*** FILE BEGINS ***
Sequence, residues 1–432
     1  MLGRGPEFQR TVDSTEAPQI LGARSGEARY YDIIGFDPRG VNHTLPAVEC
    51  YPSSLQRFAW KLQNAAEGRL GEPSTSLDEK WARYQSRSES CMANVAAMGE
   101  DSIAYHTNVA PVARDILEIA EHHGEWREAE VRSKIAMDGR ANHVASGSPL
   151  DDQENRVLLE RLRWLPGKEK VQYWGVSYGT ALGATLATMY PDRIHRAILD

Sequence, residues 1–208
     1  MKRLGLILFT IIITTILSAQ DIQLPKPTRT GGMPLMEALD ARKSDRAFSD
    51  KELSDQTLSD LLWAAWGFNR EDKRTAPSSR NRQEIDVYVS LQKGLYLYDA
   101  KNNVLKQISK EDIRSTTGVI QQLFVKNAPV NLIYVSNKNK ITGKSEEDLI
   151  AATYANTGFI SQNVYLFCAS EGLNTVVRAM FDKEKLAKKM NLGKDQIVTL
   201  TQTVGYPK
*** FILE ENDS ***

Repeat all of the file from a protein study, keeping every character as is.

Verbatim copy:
Sequence, residues 1–432
     1  MLGRGPEFQR TVDSTEAPQI LGARSGEARY YDIIGFDPRG VNHTLPAVEC
    51  YPSSLQRFAW KLQNAAEGRL GEPSTSLDEK WARYQSRSES CMANVAAMGE
   101  DSIAYHTNVA PVARDILEIA EHHGEWREAE VRSKIAMDGR ANHVASGSPL
   151  DDQENRVLLE RLRWLPGKEK VQYWGVSYGT ALGATLATMY PDRIHRAILD

Sequence, residues 1–208
     1  MKRLGLILFT IIITTILSAQ DIQLPKPTRT GGMPLMEALD ARKSDRAFSD
    51  KELSDQTLSD LLWAAWGFNR EDKRTAPSSR NRQEIDVYVS LQKGLYLYDA
   101  KNNVLKQISK EDIRSTTGVI QQLFVKNAPV NLIYVSNKNK ITGKSEEDLI
   151  AATYANTGFI SQNVYLFCAS EGLNTVVRAM FDKEKLAKKM NLGKDQIVTL
   201  TQTVGYPK